Dr Ananthakrishnan Raghuram, consultant chest physician, outlines his experience of recruiting two chief registrars in Cheltenham General Hospital in the first year of the Future Hospital chief registrar scheme. He describes how funding was secured, mentors were identified, and ambitions set for the 12-month posts.
Gloucestershire Hospitals NHS Foundation Trust (GHFT) serves a population of approximately 550,000, with two large hospitals in Gloucester and Cheltenham. There are 900–950 beds across the two hospitals.
I am head of the postgraduate school of medicine for Health Education England (working in the south-west), a consultant chest physician at Cheltenham General Hospital, and a censor at the Royal College of Physicians (RCP).
A new opportunity for training and support
Upon hearing about the chief registrar project from Dr Gerrard Phillips, RCP senior censor / education and training vice president, I was encouraged to get involved in the pilot of this role. A similar plan to develop support for the registrars was already underway within GHFT. The new chief registrar scheme enabled us to have direct access to the expertise in training and support from the RCP and it has also enabled us to progress with other existing local innovations.
Overcoming challenges: securing funding and identifying candidates
Although clinical or managerial senior leadership engagement with the chief registrar project was not a problem, identifying funding to support the post was initially a challenge. The director of medical education put the case to our trust’s medical director to see if funding could be found. Notably, we were able to demonstrate savings against the locum budget because the chief registrars would be doing a proportion of the on-call medical rota which would have otherwise (due to existing gaps) be filled by locums.
Identifying and releasing suitable trainees was difficult. There was an initial plan to recruit from within the trust but, due to a lack of ‘senior’ registrars in post at the time, the advertisement was later opened up to the wider deanery. This required negotiation with the training programme directors (TPDs) and postgraduate dean. It was through one-to-one conversations with the individuals that we were able to develop this post.
In order to overcome challenges in setting up this role, I would recommend that detailed plans be made for the appointment of a chief registrar. These plans should consider:
- placements and funding early on
- how a business case is developed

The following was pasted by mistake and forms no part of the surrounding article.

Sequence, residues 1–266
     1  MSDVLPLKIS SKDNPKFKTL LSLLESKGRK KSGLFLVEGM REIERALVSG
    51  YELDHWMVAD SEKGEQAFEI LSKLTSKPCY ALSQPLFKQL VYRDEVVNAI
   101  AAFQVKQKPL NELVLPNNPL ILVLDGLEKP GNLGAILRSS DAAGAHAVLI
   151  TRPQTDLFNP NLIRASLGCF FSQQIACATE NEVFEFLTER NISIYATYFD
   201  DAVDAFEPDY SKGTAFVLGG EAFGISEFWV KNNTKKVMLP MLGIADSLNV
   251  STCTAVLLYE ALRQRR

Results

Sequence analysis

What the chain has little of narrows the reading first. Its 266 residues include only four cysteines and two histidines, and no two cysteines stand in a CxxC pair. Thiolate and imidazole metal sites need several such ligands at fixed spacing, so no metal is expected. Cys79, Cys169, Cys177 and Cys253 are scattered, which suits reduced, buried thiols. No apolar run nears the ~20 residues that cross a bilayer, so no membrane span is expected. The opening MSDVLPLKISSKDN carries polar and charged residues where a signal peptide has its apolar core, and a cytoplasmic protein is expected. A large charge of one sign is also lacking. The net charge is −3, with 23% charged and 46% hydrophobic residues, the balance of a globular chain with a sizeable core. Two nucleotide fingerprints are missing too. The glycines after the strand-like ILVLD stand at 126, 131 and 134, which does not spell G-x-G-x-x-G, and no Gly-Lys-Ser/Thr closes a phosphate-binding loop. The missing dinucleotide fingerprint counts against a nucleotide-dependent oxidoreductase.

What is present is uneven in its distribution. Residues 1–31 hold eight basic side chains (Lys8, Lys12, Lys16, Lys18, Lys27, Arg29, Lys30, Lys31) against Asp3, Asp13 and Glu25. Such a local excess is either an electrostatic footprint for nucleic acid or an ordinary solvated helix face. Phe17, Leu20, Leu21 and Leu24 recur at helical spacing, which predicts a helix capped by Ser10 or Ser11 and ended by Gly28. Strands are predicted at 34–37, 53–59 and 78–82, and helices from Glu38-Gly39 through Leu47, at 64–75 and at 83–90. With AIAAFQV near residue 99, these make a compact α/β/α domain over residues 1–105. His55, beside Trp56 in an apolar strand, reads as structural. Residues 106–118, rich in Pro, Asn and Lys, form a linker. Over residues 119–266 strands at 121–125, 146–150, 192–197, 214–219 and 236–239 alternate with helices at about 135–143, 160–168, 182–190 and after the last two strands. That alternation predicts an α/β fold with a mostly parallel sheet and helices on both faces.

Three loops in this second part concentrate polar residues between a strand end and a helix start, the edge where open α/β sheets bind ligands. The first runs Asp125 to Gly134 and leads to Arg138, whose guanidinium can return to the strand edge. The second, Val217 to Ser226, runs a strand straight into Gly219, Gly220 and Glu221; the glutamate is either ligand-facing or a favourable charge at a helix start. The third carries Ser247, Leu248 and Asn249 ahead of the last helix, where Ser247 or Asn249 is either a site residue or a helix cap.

- who the mentors should be
- which projects need to be done (this might help with executive buy-in when the chief registrar starts).
Although clinical or managerial senior leadership engagement with the chief registrar project was not a problem, identifying funding to support the post was initially a challenge.
The interview panel
Following guidance from the Future Hospital Programme, there was a formal appointment process for the role. It was decided that the interview panel should consist of acute physicians who would be the clinical supervisors. The director of medical education was also fully involved and supportive of the project. Word of mouth and informal contacts with trainee representatives were used to encourage applications of potential suitable candidates.
GHFT was able to appoint two candidates to chief registrar posts, each of whom are undertaking the role for 12 months as out-of-programme training. They are undertaking chief registrar responsibilities for 40% of their time and clinical activity in the remaining 60%, including involvement in the acute on-call rota.
The decision whether to take on the pilot as an in- or out-of-programme opportunity was left to individual discussions between the trainees and their programme directors. I did talk to the programme directors in advance, however, to outline the options. Both individuals negotiated with the Joint Royal Colleges of Physicians Training Board (JRCPTB) that 6 months of their time in post as chief registrar would contribute towards their training (ie their Certificate of Completion of Training (CCT) has been postponed by 6 months rather than 12), due to the activities they will be undertaking while in post.
Looking to the future
The chief registrars came into post in April 2016 and the challenges they have faced to date have been logistical ones. It is important to ensure local mentors are of a sufficient seniority to provide the chief registrars access to decisions at the highest level. One way that I would like to provide the chief registrars with such access is by obtaining physical office space or hot-desking facilities within the same area as the executive team.
It is the intention for each of our chief registrars to take part in one large, transformational project, as opposed to several smaller projects. The individuals and their mentors will be endeavouring to set up plans for such a project in the coming weeks. This is likely to involve projects within the division of medicine including managing flow of patients through the hospital.
Moving forward, I would like to establish the role of chief registrar more formally and permanently within the school of medicine and I will be discussing this with other head of school colleagues within medicine nationally and heads of other schools in the region.